Re: Phil (#212), Thanks Phil for all of that. This raises some questions. 1) Did Steig carry through the satellite uncertainty into their analysis? 2) With the correct values for the 2 stations Harry and the other one, what are the new confidence intervals? I only see Gavin’s and Eric’s statements about effect on the trends.

    • Kenneth Fritsch
      Posted Feb 5, 2009 at 10:52 AM | Permalink

      Re: Phil (#212),

      Also, it is not clear to me how the trend uncertainty that they are claiming can be so small given the uncertainties in the satellite temperature estimates, especially when you consider the (apparently unestimated) clear-sky bias as well as all the mathematical gymnastics that has apparently been done. Maybe I’m missing something.

      The claimed uncertainty probably does not include any instrument errors/uncertainties but only those using the reconstruction variations. One also must consider that, if anomalies are used, a constant bias in readings will have no effects on the trends.

      The errors in this case apparently arise from differences in clear and cloudy times and it would seem if that ratio changed over time a trend error would be introduced.

      The point that bothers me the most is the inversions that occur and the resulting dependence of measured temperatures with the height of the sensor above the surface. From the “digging out” anecdotal evidence presented in other threads at CA on that height varying, I would have a concern – and particularly so if I thought the authors of the paper were as unaware of these conditions as they were with the trouble with Harry.

      • Phil
        Posted Feb 5, 2009 at 12:09 PM | Permalink

        Re: Kenneth Fritsch (#217),

        The claimed uncertainty probably does not include any instrument errors/uncertainties

        I can see how that might be the case, but, given the extreme environmental conditions in measuring temperature and other variables in Antarctica (as opposed to, for instance, next to your backyard barbeque), shouldn’t the instrument errors/uncertainties have been included in this case? I think that, if they were not included, then they should have been before going on a worldwide press tour. Please see also the Docken and Petit paper in Re: Phil (#207).

        Here I quote more fully:

        The satellites and ground stations match most closely to each other during the Antarctic winter, most likely due to a lack of cloud coverage and solar activity. During all other seasons the satellite is often off in its readings by up to 20°C (see Figure 3). The variance differed depending on location and pass, as the 0200-hour samples tended to underestimate the temperature (see Figure 1) and the 1400-hour samples tended to overestimate (see Figure 2).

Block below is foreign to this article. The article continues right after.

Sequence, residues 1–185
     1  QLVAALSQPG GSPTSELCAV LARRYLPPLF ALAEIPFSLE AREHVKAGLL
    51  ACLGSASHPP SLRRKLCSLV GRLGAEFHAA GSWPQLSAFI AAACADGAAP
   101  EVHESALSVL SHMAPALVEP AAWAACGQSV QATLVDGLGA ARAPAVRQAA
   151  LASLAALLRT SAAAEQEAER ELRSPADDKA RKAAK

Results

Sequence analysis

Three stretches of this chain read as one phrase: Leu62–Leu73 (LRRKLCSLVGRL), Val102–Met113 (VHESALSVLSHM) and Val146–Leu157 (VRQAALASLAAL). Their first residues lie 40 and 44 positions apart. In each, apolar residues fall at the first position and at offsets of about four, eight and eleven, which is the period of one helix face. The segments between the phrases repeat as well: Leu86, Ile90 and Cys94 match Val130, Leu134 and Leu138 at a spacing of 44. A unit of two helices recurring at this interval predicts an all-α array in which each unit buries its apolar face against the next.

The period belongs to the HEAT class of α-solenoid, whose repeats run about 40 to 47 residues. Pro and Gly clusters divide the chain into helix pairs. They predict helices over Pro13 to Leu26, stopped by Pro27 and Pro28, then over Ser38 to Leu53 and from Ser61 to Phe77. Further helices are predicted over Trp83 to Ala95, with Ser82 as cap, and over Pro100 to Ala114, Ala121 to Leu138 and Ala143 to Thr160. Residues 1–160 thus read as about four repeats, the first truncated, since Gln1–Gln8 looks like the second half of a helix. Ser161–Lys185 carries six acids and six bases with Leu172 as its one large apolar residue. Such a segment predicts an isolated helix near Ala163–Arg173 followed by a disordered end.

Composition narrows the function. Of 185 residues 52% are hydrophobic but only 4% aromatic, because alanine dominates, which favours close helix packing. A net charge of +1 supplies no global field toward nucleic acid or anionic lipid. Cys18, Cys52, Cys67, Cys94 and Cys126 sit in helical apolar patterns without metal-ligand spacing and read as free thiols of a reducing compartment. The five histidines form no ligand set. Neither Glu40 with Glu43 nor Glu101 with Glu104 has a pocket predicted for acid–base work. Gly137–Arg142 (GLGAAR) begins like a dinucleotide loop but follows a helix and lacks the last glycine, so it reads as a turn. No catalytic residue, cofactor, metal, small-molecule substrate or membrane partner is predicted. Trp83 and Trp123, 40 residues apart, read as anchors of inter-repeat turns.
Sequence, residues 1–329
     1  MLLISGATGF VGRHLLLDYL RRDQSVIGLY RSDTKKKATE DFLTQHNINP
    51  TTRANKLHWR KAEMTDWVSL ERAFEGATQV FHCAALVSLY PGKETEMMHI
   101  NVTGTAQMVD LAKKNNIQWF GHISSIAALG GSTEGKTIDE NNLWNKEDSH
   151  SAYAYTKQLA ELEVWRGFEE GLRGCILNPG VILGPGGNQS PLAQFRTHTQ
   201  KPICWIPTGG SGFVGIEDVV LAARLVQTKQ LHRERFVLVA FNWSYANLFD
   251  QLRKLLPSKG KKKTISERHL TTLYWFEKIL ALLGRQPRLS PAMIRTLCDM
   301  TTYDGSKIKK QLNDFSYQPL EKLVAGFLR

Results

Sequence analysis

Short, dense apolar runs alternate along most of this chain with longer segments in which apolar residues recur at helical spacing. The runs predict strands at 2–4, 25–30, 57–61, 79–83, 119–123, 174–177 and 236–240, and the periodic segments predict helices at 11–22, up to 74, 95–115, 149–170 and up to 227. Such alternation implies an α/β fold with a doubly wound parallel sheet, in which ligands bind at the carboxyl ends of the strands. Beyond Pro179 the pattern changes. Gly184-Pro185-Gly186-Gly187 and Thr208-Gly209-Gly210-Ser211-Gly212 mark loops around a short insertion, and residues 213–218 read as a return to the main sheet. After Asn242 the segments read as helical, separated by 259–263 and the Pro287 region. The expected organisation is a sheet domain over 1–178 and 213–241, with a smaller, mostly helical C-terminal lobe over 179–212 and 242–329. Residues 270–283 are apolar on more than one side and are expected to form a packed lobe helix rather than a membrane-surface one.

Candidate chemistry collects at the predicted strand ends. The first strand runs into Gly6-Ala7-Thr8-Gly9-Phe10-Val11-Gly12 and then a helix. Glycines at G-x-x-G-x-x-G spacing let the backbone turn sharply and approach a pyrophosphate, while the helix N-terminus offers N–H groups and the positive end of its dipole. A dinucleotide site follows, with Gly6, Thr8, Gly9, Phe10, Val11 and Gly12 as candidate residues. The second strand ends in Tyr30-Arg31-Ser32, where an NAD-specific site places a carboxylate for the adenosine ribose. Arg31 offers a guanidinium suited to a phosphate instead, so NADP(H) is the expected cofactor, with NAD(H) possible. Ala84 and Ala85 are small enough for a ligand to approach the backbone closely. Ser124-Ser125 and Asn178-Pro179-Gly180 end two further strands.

With respect to your comment

        One also must consider that, if anomalies are used, a constant bias in readings will have no effects on the trends.

        , I am not sure that using anomalies will cure these ills as the uncertainties that Docken and Petit identify don’t show a consistent bias on a daily or monthly basis. One would have to separate the two daily passes and try to “adjust” the data for bias independently for each pass, but that would just get us into the same adjustment maze that the surface temperatures suffer from. Furthermore, the sheer magnitude of the uncertainties (up to 20°C) should call into question the credibility of asserted trends of fractions of a degree.

        • Kenneth Fritsch
          Posted Feb 5, 2009 at 2:07 PM | Permalink

          Re: Phil (#218),

          Phil, my point about anomalies was only that a consistent bias would not matter but that any biases/errors are problematic because one does not necessarily know whether the errors are consistent or not.

          Steig et al. (2009) notes in their paper that the satellite IR measurements were adjusted with a cloud masking technique described in an earlier paper (where the Antarctica looked much cooler) and then further adjusted by discarding temperature readings that were over 10 degrees away from the climatological mean.

          They selected 10 degrees because as they state it “produces the best validation statistics in the reconstruction procedure”. That is an obvious case of data snooping, but the point for our discussion is again one of an acknowleged bias that one cannot be certain is consisitent.

          In fact the 10 degree adjustment satellite IR reconstruction looks very much like a previously published reconstruction that used a 6 degree threshold for discarding data. The authors unfortunately do not detail what data was discarded with their procedure and whether it was more frequently colder or warmer temperatures or if such a procedure could actually throw out legitimate temperature variations.